In a recently published study, researchers from the Max Planck Institute for Dynamics and Self-Organization in Germany, the University of Cologne, and the University of Washington found that a carefully designed mixture of broadly neutralizing antibodies (bNAb) may be able to help treat HIV infection while minimizing the risk of the virus evading treatment. The findings were published online July 19, 2022, in the journal eLife titled “Design of an optimal combination therapy with broadly neutralizing antibodies to suppress HIV -1”.

This study demonstrates that a computational approach to selecting bNAb combinations based on viral genetics aid in preventing viral escape and improving HIV treatment efficacy. It may also provide a strategy for designing effective combinations of bNAs to treat other rapidly evolving pathogens.

bNAb represents a promising new tool for the treatment or possible treatment of rapidly evolving viral infections such as HIV. Clinical trials using a single bNAb to treat HIV infection revealed    that some HIV strains may evade treatment and trigger viral rebound in the blood. Therefore, using bNAb combinations may be a more effective approach, but determining the best combination is a challenge.

Colin LaMont, the first author of the paper and a researcher at the Max Planck Institute for Dynamics and Self-Organization, said, “In our study, we propose to use a computational approach to predict the effectiveness of HIV genetics-based bNAb combinations.”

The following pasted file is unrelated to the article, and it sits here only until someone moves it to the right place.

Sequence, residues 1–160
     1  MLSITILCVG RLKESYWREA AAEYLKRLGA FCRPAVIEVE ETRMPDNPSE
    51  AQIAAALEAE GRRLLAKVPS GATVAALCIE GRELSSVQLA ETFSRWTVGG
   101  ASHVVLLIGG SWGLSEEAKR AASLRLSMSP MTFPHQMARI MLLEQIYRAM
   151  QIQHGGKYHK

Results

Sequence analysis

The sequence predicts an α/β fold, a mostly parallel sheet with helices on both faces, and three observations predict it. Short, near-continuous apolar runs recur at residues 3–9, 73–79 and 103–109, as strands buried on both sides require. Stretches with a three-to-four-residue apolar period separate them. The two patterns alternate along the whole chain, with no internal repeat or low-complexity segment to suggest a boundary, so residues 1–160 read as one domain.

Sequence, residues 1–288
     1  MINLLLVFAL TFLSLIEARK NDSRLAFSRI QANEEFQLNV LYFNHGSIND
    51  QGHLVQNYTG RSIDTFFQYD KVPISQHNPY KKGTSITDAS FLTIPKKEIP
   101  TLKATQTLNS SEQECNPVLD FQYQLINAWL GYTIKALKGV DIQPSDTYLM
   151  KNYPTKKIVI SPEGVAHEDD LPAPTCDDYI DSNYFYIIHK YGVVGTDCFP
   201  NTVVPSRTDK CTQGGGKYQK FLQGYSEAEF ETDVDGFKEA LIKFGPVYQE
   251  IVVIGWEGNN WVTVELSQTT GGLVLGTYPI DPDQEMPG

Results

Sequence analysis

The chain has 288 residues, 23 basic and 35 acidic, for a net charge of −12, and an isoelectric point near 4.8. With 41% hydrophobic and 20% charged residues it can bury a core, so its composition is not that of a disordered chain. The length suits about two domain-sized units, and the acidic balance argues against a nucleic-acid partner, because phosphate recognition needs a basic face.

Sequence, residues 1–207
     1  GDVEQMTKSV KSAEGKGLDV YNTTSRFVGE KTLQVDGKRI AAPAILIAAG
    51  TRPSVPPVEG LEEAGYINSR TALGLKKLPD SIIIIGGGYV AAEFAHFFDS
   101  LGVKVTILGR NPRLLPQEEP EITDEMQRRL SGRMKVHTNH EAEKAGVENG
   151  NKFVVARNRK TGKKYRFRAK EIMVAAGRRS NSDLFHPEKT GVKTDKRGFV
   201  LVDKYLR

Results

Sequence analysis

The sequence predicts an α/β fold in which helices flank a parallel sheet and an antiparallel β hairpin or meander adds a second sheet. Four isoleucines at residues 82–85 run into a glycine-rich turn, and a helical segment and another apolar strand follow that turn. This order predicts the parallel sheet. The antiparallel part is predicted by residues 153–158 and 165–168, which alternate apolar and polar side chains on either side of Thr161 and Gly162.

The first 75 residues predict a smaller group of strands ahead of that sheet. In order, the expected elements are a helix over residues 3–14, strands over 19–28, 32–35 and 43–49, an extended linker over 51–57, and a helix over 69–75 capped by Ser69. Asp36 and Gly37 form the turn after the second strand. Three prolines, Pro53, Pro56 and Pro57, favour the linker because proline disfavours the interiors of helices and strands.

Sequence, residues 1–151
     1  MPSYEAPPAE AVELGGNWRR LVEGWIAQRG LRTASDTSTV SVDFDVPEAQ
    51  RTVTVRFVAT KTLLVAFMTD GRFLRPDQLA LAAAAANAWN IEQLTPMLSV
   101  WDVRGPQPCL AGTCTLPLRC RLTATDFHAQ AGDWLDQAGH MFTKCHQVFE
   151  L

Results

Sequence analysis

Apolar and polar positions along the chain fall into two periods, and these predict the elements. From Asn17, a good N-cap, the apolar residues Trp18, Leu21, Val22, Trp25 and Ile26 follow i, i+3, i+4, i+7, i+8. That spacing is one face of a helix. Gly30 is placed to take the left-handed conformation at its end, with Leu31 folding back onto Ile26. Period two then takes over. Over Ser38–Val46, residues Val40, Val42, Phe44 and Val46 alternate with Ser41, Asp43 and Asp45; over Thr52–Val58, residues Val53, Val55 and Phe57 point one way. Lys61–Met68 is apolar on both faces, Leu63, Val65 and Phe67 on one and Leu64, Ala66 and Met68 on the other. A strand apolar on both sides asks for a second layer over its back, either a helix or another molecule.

LaMont and colleagues analyzed genetic signatures of HIV collected from 11 untreated patients over a 10-year period using high-throughput sequencing technologies. They utilized the information to predict which HIV strains might be able to evade treatment with different bNAb and whether evasion of bNAb treatment was associated with survival costs. Following that, they employed computational approaches to forcasting viral rebound in three real bNAb clinical studies.

Finally, these authors discovered the combination of bNAb that was least likely to allow any viral evasion. It was also discovered that some bNAb (e.g., 10-1074) were better at fighting different virus populations because the mutations allowing for viral escape also made such viruses less likely to survive. Other bNAb (including PGT121) were more effective against less diverse virus populations because mutations that allow viruses to escape are rare. It was finally suggested in these findings that the optimal bNAb combination are PG9, PGT151, and VRC01.

LaMont said, “We found that the combined use of PG9, PGT151, and VRC01 lowered the chance of viral rebound to less than 1%. This was accomplished by targeting three distinct regions of the protective outer envelope of the virus.”

According to Armita Nourmohammad, corresponding author of the paper and an assistant professor in the Department of Physics at the University of Washington, “Combining bNAb, which is given by intravenous injection every few months, with antiretroviral therapy (ART), which currently requires daily dosing, may further improve long-term treatment efficacy against HIV.”

ART reduces the ability of HIV to proliferate and generate new variants, limiting the genetic diversity of the HIV viral population and reducing the possibility of developing bNAb escape variants. More studies are needed to validate the potential benefits of combining ART and bNAb, according to the authors.

“Our study suggests that the use of genetic data may help design more effective therapies against HIV, and even other rapidly evolving pathogenic factors, such as hepatitis C virus (HCV), drug-resistant bacteria, and cancerous tumor cells.” Nourmohammad Concluded.